In Memoriam: Herbert Michael Ohley – Teen Hero for the Night

(Note: I previously wrote a few of these in memory of my father.  I am re-posting them here as this blog will be the home of all my writings.)

(Note Part Duex:  Upon the first posting of this on my Facebook, my mother confirmed that the story is indeed true…  and if you think my mother is a liar I’ll be tempted to go “teen-Herb” on ya.)

While still somewhat under the heading of Early Life, I want to relate one of my favorite stories from my father’s teen years.  If someone has information that corroborates this story, I’d love to hear it.  If you have information to the contrary, don’t tell me – I don’t want to know.

I say that jokingly of course, but truthfully this story has been legendary to me since I first heard it as a wee lad.  It was relayed to me by my father in the interest of teaching me what it means to be a man.  It has resonated deep in my soul ever since.

Without further ado, here it is:

My father, my mother, and one of her friends were walking home from having gone to the movies when they were approached by a group of surly young men looking for trouble.

As the group surrounded my father and the ladies, my dad made them a proposition:  let the young ladies leave and I’ll fight you one at a time.  They gladly accepted.

As a parenthetical note here, my father never had any formal training in any of the fighting arts except wrestling that I’m aware of, but he did have a collection of books on boxing, judo, and other means of self-defense.  I found them once as a child and he related to me how, as a young man who was significantly smaller than other guys his age, he had to learn how to defend himself.  I can definitely relate.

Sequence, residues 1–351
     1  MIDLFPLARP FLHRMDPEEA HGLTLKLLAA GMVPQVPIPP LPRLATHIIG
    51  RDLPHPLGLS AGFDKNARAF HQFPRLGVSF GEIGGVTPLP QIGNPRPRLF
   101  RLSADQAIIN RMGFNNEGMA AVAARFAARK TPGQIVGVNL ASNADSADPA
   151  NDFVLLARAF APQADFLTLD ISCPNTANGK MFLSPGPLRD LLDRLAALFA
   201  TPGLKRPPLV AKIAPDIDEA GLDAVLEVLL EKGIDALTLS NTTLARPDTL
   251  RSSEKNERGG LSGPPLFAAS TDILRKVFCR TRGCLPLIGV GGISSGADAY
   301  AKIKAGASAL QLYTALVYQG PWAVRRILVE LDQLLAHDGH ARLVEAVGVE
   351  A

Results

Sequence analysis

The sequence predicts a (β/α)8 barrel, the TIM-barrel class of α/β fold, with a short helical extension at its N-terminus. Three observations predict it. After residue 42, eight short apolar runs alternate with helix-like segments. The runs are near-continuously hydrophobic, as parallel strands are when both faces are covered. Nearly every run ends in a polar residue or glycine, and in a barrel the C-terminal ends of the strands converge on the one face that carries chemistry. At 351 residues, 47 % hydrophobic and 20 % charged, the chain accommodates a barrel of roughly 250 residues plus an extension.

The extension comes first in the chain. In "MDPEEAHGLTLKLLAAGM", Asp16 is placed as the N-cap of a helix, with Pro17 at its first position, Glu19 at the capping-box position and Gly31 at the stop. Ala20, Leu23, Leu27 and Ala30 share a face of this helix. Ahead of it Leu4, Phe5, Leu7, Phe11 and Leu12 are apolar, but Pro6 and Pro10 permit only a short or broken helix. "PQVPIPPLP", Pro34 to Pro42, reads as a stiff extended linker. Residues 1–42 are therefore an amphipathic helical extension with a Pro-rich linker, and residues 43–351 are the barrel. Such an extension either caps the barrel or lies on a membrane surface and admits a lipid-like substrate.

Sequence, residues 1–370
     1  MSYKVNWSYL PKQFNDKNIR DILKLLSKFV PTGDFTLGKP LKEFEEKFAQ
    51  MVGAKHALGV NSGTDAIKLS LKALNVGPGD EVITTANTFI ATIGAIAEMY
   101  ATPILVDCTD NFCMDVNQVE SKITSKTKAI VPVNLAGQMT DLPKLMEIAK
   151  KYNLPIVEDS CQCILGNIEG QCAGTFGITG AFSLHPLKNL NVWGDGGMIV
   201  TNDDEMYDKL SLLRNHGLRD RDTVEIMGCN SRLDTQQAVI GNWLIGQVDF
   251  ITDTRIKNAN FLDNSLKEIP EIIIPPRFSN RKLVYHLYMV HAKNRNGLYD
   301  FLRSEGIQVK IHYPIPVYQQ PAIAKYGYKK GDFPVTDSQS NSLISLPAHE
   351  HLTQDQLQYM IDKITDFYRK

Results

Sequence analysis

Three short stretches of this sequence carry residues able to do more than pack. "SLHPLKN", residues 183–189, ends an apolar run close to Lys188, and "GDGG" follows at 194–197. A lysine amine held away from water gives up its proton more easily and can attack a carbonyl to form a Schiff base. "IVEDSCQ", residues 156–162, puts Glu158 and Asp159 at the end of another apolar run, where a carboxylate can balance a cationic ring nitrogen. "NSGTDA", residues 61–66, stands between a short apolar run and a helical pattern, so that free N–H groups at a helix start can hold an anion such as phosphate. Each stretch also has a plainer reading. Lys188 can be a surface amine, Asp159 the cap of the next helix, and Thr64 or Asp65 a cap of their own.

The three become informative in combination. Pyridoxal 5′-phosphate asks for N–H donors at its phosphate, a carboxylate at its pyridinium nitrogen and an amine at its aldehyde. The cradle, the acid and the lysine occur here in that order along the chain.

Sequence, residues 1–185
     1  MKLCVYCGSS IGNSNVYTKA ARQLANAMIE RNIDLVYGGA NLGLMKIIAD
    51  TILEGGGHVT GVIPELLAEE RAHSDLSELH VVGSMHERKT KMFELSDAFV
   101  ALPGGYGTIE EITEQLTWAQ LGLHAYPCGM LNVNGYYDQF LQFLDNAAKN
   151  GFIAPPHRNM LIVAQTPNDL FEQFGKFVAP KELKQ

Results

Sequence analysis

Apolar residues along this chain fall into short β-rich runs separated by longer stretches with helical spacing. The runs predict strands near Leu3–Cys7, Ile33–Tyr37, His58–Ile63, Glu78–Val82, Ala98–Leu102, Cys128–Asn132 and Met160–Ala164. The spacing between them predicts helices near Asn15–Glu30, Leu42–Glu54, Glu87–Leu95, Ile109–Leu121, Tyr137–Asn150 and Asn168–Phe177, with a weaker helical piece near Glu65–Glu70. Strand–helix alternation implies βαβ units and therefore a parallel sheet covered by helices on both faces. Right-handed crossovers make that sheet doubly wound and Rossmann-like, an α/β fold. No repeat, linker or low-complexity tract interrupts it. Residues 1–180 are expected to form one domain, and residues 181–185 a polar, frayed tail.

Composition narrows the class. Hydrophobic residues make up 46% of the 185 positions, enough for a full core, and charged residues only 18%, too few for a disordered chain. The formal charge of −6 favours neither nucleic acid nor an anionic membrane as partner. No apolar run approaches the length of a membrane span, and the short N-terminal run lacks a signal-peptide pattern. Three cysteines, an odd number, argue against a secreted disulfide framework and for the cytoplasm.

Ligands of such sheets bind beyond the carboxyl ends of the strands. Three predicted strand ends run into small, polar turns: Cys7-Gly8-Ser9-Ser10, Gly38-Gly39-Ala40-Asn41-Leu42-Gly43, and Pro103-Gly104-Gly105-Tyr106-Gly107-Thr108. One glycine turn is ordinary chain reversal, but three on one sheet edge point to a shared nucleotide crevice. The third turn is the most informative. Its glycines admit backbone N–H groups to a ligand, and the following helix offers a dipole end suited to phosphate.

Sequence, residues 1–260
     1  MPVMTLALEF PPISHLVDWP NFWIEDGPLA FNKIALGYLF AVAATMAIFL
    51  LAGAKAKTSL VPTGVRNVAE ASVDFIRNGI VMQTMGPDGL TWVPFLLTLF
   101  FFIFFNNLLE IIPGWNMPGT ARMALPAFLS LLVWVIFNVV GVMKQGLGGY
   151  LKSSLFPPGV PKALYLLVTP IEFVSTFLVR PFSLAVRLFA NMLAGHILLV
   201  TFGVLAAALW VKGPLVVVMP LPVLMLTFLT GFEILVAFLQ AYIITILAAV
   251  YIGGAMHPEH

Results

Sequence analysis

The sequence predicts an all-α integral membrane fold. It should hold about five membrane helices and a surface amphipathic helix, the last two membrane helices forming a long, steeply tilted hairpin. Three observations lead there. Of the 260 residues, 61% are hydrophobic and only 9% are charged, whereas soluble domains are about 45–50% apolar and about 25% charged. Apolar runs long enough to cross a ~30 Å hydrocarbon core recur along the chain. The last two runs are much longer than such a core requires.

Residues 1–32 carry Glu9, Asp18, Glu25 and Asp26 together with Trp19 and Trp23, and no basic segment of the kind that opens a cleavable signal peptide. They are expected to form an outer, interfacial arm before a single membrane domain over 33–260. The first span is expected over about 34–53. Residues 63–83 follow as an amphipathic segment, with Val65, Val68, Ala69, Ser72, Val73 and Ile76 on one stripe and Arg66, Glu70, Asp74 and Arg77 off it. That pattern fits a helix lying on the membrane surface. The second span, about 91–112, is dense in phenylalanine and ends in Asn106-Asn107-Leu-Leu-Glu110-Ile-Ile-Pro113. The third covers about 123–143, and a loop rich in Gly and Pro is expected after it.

Enough about that, back to the story…

After accepting his proposition, the group of young men opened up a gap in the circle they had formed and told my mother and her friend to beat it.  What follows is the rest of the story put to paper in the best way I can, in the words of my dad, trying to keep his tone while telling it:

“Then the first guy stepped up… and got knocked down.”

(Legend has it, my father had a pretty mean right cross.)

“Another jumped in and we tangled for a bit…  now this whole time I’m thinking I just got to keep these guys busy long enough for the girls to get home and I can make my break.

When the remaining guys realized I was going to best this dude as well, they all started to jump in.  That’s when I ran like hell.

You see son, that’s the other thing you need to know…  You better be able to run like hell – cause sometimes that’s the only way out.

So I outran those fools and made it home to find the girls already there.”

….

And that’s the story of my father, teen hero of the night.

Perhaps it was embellished on his part…perhaps, maybe not.   Who knows?  Who cares, really?

The point is this:  this story embodies principles that my father believed in and truly lived by.  My pops came from an era where men believed their place in society in relation to females was one of care, protection, respect.   He, on more than one occasion, severely reprimanded me for being disrespectful to women.

I personally witnessed him slam on his truck brakes, grab a guy by the collar, and slam him against a telephone pole when I was kid for hitting a girl – I’ll have to tell that one later.

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